And yet there are creative aspects to my job. As I was starting to write this post, for example, I was also working on my class notes for some new (to me) material I’m teaching next week, including Woolf’s “Kew Gardens” and Three Guineas, both of which I’ve read before, of course, but which I’ve never assigned. This means that I have to come up with a teaching strategy for them, which means figuring out what story I’m going to tell about them: where I’ll begin, what background exposition I’ll include, what plot (for want of a better term) I’ll try to shape our experience of them into. I also think of book reviewing as a kind of storytelling: what might look to a reader of the review “just” like a bit of plot summary, for example, is actually a highly selective retrofitting of the book’s own elements in order to tell my story of what the book is about. The hardest part of writing every review is spotting that story and figuring out how to tell it (and one of the freedoms I most enjoy when writing blog posts, by comparison, is being able to discover it as I go along rather than having to shape the piece around it from the beginning).
Is it because the building blocks of these particular processes are someone else’s stories that, for all the pleasures they really can offer, they don’t quite satisfy the craving for creativity in my own life, the underlying hunger for it that I am feeding with the vicarious experience of it offered through these shows? Perhaps. So what to do about that? I don’t particularly want to change up my approach to either criticism or teaching: I don’t much like criticism that crowds out its real subject (as I see it) with too much other stuff, and though I know my approach to teaching isn’t the only one (I have colleagues, for instance, who incorporate creative writing and other activities into their classes), it is one I believe in and feel comfortable with. I do have some hobbies–crochet and quilting–that give me the satisfaction of actually creating something, but it’s interesting that they are both (for me, anyway, at my limited skill level) pattern-following crafts; my self-expression in both is limited to choosing a pattern and choosing the materials. That’s not nothing, of course! (Also, crochet in particular is perfect to do while watching TV shows of other people making amazingly creative things. 😊)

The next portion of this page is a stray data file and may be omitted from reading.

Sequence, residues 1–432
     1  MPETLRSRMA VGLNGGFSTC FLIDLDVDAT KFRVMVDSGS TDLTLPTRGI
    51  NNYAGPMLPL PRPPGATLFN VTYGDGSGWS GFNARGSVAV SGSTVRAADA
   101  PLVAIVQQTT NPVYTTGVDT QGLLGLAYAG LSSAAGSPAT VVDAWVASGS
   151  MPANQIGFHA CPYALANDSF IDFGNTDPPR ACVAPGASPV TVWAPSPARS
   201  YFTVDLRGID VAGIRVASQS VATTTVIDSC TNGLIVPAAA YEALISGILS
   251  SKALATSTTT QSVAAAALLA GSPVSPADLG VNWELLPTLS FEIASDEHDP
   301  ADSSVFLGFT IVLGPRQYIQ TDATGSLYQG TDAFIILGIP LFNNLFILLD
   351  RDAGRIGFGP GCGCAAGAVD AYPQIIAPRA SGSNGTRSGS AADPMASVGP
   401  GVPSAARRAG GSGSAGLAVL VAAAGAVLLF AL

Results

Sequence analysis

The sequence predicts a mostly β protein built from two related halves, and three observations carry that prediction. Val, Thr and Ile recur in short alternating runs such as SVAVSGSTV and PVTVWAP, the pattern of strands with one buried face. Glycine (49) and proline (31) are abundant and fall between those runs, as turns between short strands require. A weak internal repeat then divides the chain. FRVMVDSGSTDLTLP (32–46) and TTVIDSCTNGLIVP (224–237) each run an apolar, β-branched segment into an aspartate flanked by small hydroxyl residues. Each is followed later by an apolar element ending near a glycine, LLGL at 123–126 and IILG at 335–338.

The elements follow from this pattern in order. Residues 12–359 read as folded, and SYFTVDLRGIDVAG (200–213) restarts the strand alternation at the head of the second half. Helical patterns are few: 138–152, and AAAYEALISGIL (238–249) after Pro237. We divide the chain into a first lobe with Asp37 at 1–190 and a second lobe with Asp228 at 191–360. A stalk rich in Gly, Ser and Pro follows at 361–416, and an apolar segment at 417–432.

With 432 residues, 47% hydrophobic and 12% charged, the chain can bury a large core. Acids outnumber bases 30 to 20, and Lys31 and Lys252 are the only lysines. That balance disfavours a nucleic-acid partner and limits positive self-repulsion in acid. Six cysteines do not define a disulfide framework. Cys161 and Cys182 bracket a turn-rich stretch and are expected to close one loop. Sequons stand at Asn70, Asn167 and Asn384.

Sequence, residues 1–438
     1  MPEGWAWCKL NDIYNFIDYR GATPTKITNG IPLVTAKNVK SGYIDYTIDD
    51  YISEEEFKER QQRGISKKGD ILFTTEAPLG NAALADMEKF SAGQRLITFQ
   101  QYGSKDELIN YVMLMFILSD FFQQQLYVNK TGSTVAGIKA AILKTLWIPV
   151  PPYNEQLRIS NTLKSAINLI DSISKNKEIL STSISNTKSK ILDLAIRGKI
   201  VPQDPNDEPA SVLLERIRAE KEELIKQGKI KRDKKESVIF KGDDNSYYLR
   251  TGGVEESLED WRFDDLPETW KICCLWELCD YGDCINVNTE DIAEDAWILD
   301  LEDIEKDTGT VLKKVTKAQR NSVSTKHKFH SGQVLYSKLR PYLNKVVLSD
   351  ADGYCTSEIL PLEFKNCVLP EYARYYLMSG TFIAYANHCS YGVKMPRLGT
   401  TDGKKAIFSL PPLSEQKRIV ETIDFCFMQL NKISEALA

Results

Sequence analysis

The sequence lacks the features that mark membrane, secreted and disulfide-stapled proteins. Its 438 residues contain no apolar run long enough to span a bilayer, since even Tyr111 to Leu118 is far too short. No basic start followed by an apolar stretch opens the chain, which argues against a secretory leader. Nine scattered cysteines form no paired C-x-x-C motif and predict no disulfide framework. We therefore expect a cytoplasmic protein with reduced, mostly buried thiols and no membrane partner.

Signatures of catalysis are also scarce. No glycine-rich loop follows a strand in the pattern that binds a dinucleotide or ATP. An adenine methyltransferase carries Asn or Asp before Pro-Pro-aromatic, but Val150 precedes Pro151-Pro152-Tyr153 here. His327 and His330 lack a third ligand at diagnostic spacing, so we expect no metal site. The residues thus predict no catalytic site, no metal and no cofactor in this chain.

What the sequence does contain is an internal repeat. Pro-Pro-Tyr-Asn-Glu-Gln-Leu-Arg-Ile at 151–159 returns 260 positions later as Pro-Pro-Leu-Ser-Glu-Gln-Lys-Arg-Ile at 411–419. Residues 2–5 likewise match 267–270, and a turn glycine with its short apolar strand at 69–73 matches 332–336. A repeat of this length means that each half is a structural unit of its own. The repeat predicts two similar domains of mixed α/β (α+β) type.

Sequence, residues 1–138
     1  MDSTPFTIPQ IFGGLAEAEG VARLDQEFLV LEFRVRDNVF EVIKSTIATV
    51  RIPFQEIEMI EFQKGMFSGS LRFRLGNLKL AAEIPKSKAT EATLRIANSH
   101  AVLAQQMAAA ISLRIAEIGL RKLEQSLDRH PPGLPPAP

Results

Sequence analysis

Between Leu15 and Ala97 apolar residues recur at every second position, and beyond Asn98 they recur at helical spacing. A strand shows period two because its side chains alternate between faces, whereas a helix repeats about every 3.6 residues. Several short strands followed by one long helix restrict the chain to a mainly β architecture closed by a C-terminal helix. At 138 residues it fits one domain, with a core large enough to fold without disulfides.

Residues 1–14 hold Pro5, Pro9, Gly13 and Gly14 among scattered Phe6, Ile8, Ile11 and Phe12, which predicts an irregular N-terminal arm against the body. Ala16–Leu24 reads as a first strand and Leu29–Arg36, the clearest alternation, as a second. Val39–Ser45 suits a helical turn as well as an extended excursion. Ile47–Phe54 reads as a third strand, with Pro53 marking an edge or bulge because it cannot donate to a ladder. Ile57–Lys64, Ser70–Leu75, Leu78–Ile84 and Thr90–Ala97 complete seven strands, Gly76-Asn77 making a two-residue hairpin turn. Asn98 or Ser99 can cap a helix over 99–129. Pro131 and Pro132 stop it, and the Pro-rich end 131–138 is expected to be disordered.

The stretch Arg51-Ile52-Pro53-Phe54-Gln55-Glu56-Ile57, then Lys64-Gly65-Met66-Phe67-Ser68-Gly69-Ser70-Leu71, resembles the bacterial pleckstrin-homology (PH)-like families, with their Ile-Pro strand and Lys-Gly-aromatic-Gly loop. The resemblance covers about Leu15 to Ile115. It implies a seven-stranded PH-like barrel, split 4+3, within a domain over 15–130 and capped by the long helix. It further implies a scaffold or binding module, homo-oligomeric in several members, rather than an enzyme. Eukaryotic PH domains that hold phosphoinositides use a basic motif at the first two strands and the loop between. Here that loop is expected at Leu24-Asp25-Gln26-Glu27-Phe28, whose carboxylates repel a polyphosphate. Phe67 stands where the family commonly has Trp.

Will I ever find the courage (not to mention the time) to try something else? What would it be? Would doing it badly–as I am bound to, at first and perhaps always–actually be rewarding at all? Could I ever shut up my inner critic long enough to just enjoy myself while I was doing it? (Here is where I wryly acknowledge that if only I could join in with Gilbert’s celebration of the “disciplined half-ass” I would no doubt be bolder and maybe have more fun!) The only way to find out would be to try, I guess, as I did with drawing. Maybe I should get back to that — or maybe at some point I should try a pottery class. Or try writing something that isn’t about someone else’s writing…